CAMPAIGNERS have repeated criticism of the UK for continuing to sell arms to Saudi Arabia as fighter jets rained bombs on the Yemeni capital Sanaa, killing at least 14 people and adding to the country’s worsening humanitarian crisis.

The Campaign Against Arms Trade (CAAT) said the UK has licensed £3.8 billion worth of arms since bombing began in March 2015.

They included: £2.6bn of licences for aircraft, helicopters, and drones; £1.1bn worth of grenades, bombs, missiles and countermeasures; and £572,000 of armoured vehicles and tanks.

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The group added that the humanitarian crisis was deteriorating, with more than 500,000 suspected cases of cholera in Yemen.

Andrew Smith, from CAAT, said: “The bombardment of Yemen is getting even worse, and yet the arms sales are still flowing.

“The UK has licensed billions of fighter jets and bombs to the Saudi-led coalition, at the same time as it is inflicting a brutal humanitarian crisis on the people of Yemen.

“If there is to be a peaceful solution in Yemen then it cannot come from more arms sales and bombings.”

The bombing has intensified over recent months, with the UN confirming that Yemen has suffered more air strikes in the first half of this year than in the whole of 2016. It also accused the Saudi-led coalition of killing more than 40 civilians this week alone.

Saudi-led coalition fighter jets have attacked Sanaa, levelling houses packed with civilians and killing at least 14 people, including eight members of a single family, said witnesses. The family’s year-old baby was among those killed, relatives in Sanaa’s southern district of Fag Attan said.

The bombing was the latest in a significant escalation in the coalition’s air campaign in Yemen. On Wednesday, at least 41 people died when air strikes hit a small hotel in the town of Arhab, north of Sanaa. The attack prompted the UN to renew calls for an investigation into the atrocities in Yemen’s civil war.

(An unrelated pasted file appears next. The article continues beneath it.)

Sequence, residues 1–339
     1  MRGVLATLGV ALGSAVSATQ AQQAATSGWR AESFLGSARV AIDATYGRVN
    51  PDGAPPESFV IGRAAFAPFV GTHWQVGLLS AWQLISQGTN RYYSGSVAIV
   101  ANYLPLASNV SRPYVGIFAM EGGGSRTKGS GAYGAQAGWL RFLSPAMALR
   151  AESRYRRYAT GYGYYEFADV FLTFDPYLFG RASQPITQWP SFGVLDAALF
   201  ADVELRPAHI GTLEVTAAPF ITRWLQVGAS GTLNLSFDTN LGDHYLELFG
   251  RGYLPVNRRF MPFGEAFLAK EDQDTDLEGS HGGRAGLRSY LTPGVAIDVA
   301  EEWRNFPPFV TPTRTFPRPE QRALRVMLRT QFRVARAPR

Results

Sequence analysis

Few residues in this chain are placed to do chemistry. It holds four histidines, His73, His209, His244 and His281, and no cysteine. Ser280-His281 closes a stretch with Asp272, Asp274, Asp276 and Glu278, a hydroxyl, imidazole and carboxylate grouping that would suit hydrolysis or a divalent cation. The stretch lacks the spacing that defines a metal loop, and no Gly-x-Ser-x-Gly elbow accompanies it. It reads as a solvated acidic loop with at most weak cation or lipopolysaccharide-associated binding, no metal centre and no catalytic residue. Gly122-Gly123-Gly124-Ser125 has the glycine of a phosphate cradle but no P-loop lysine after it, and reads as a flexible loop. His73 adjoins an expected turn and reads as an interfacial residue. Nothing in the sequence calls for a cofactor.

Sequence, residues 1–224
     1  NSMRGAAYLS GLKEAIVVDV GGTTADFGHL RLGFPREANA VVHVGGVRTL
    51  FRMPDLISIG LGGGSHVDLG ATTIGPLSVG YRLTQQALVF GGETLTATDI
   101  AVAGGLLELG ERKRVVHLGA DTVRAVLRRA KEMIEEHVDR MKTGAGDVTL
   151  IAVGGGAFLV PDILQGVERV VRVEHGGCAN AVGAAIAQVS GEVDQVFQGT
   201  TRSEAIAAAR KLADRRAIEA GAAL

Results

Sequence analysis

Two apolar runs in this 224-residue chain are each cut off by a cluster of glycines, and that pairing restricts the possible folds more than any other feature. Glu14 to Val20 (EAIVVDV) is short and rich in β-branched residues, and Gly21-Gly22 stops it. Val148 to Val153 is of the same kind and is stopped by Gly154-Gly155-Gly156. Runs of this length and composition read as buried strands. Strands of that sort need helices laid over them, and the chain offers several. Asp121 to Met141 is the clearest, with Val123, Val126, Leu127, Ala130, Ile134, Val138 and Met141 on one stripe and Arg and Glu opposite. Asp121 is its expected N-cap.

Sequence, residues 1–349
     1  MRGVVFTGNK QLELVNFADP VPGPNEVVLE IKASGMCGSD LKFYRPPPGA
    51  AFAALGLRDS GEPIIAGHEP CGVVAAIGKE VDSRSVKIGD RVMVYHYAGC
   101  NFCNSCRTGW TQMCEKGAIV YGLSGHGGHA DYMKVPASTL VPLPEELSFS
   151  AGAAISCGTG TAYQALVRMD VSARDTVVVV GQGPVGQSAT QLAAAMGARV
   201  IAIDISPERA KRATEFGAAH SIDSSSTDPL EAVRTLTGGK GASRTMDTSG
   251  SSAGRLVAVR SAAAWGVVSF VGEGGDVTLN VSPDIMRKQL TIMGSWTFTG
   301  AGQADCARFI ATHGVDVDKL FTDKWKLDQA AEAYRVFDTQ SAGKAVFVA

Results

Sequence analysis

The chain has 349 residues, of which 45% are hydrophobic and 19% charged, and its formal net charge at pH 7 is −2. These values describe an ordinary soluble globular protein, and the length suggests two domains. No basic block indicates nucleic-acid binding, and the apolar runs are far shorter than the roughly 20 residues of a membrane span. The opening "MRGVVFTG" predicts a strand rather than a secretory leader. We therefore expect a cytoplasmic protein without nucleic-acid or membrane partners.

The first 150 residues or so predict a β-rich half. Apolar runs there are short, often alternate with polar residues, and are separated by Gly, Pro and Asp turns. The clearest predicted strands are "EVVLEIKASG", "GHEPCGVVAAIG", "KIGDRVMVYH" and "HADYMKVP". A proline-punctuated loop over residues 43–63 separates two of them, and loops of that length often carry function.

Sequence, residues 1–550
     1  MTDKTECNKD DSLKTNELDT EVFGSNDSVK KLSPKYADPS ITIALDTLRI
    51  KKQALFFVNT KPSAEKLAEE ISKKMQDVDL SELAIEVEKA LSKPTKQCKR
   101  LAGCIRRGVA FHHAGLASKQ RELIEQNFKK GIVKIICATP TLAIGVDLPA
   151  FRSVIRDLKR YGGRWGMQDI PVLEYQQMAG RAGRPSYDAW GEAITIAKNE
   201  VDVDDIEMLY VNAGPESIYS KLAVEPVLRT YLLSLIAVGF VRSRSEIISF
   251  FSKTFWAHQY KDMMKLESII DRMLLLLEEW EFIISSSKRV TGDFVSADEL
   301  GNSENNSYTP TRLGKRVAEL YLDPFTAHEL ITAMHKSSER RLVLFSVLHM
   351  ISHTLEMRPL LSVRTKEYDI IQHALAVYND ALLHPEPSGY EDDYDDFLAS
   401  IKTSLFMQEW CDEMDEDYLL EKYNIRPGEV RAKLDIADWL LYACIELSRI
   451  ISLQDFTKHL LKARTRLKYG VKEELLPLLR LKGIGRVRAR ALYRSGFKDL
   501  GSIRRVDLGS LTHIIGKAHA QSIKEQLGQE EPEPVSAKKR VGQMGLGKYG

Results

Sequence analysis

Over the past two years, more than 10,000 people have been killed and three million displaced amid the coalition’s air campaign against Yemen’s Iran-backed Shiite rebels.

The Saudi-led campaign is seeking to restore Yemen’s internationally recognised government back to power.

The worst-hit house in Fag Attan was a three-storey building occupied by at least three families. Mohammed al-Rimi and his wife lived on the first floor with their six children. They all died except one child. A visiting brother-in-law was also killed.

Liz Throssell, a spokeswoman for the UN High Commissioner for Human Rights, said it has confirmed that 33 of the 41 people killed in Arhab were civilians. The air strikes have hit schools, hospitals and markets, killing thousands of civilians and prompting rights groups to accuse the coalition of war crimes.

At the same time, the World Health Organisation has found over 500,000 suspected cases of cholera in Yemen, a deadly and totally avoidable disease. The threat has been exacerbated by the ongoing war and the collapse of vital and life-saving infrastructure.

An analysis by the charity Oxfam found it to be the worst cholera crisis on record, with researchers reaching the horrifying conclusion that “more people in Yemen have contracted cholera than any country has suffered in a single year since modern records began”.

Smith added: “The cholera crisis is devastating, but it is a man-made crisis that has been exacerbated by the conflict and the breakdown of vital infrastructure.

“The UK has been totally complicit in the suffering and destruction right from the start. If the UK Government wants to do what’s best for Yemen then it must end the arms sales and stop its uncritical support for the brutal Saudi dictatorship.”